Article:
GIBSONBURG, Ohio -- With glossy long hair, subtle eye makeup, and dainty jewelry, Brianna Burkett in some ways leads the life of any 17-year-old.
But the Gibsonburg High School junior -- who was diagnosed with a rare genetic brain disease as an infant -- mostly is far from her classmates.
A dozen medications, physical therapy, and other medical assistance are needed to help Brianna battle Canavan Disease, a progressive and fatal illness. Brianna does not attend classes, but two teachers from School of Hope in Fremont take turns working with her at her home near Gibsonburg. The teen cannot walk, talk, or swallow, and she is legally blind.
Still, family and friends Saturday plan to make sure Brianna has one memorable rite of passage: a junior prom.
"I try to do what I can to make her life as normal as I can," said her mother, Yulinda Burkett. "She's a junior in high school, and what does a junior girl dream about but the prom?"
Ms. Burkett and roughly 60 others are putting on a prom for Brianna with a colorful Mardi Gras theme at Hilfiker Elementary School in Gibsonburg. Hours will be 3 p.m. to 7 p.m., because that is the time Brianna needs the least amount of special care, but there will be a photographer, disc jockey, and many other prom fixtures.
Colleen Schlea of Helena helped Ms. Burkett make her daughter's purple, green, and gold dress. Because Brianna is 4 feet, 6 inches tall and weighs 72 pounds, the best friends had to alter a child's pattern to make the dress appropriate for a teen as her mother wanted, she said.
"She wanted something that looked kind of poufy and princessy," said Ms. Schlea, who plans to attend the prom with her husband. "It'll be fun."
Others pitched in to make Brianna's corsage and help with centerpieces, candy-filled glasses decorated with tulle, flowers, ribbons, and other embellishments. Mardi Gras beads and a five-foot mask with balloons serving as a backdrop for photos will round out the cheerful decorations.
Such revelry is far from what Ms. Burkett expected after her younger daughter was diagnosed with Canavan Disease, in which the body does not produce the brain's white matter, myelin. At the time, life expectancy was two to three years, a span that has since been increased to 3 to 10 years, with some patients living into their teens, Ms. Burkett said.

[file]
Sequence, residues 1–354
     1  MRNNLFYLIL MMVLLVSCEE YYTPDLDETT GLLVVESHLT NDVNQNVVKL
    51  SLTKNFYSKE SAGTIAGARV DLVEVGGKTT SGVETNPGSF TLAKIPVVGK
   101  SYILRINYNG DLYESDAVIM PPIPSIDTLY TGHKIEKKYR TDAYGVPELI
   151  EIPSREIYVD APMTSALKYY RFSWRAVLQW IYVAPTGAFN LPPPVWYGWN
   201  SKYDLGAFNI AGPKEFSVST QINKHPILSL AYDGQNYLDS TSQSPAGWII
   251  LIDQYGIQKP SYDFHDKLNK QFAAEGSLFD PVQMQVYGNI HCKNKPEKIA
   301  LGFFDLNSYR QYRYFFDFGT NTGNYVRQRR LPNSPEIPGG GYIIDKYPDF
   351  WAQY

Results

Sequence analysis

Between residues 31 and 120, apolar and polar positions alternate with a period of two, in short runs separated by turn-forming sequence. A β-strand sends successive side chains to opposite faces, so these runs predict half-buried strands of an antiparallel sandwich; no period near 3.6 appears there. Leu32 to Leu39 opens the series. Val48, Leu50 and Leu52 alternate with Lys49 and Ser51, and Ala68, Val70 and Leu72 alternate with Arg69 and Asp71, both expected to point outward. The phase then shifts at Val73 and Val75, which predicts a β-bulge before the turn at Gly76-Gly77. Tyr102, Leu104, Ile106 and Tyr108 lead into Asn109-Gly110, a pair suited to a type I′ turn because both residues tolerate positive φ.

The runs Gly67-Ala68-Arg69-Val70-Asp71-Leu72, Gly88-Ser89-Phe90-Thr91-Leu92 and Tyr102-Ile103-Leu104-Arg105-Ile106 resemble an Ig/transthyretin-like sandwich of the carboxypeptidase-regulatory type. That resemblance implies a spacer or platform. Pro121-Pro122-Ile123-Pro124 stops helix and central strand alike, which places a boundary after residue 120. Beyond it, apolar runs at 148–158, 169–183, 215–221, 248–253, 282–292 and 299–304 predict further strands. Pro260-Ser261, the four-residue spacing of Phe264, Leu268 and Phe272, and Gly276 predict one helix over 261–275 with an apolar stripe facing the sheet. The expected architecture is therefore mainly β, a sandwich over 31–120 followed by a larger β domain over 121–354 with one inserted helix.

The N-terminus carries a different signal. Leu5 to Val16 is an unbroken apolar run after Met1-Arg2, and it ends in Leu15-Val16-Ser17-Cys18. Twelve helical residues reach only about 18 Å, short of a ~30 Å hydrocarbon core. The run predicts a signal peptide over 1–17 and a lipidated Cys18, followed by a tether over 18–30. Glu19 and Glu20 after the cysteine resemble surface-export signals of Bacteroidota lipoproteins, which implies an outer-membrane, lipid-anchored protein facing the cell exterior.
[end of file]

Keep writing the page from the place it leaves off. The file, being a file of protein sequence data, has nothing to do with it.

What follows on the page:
Ms. Burkett, who connects with other parents of those with Canavan Disease on Facebook, said one patient recently reached 30. Brianna needed scoliosis surgery in recent years to insert a rod to help make her back straighter, but now kidney stones are her biggest health concern, said Ms. Burkett, who is starting to think about celebrating the teen's 18th birthday, senior prom, and graduation.
"Knock on wood, she's been doing great," Ms. Burkett said. "This past winter, she had two very minor cases of bronchitis, but that's been the worst of it, other than the kidney stones."
Medical advances are helping those with Canavan Disease such as Brianna, who is tube-fed, needs frequent suctioning, and is prone to seizures. Her grandmother Belinda Burkett is her home health aide, and Ms. Burkett also gets help from her boyfriend, Thomas Cousino of Oak Harbor, and others.
Updates on Brianna's health can be found atcaringbridge.org/visit/BriannaNicholle once a month or so.
Instead of gifts for Brianna's sweet 16 birthday party, attendees donated nearly $1,000 toward Canavan Disease research, Ms. Burkett said.
A day-care provider, Ms. Burkett said Brianna inspires her family. Her sister, 21-year-old Donika Burkett, a lance corporal in the Marine Corps, wrote home during boot camp nearly two years ago that thinking of Brianna helped her get through.
Her own back problems and heel spurs are minor too, Ms. Burkett said.
"To me, it's no big deal because she's been through so much more," she said. "You don't really dwell on issues. You wake up, and you smile every day, and you stay that way."
Contact Julie M. McKinnon at: firstname.lastname@example.org or 419-724-6087.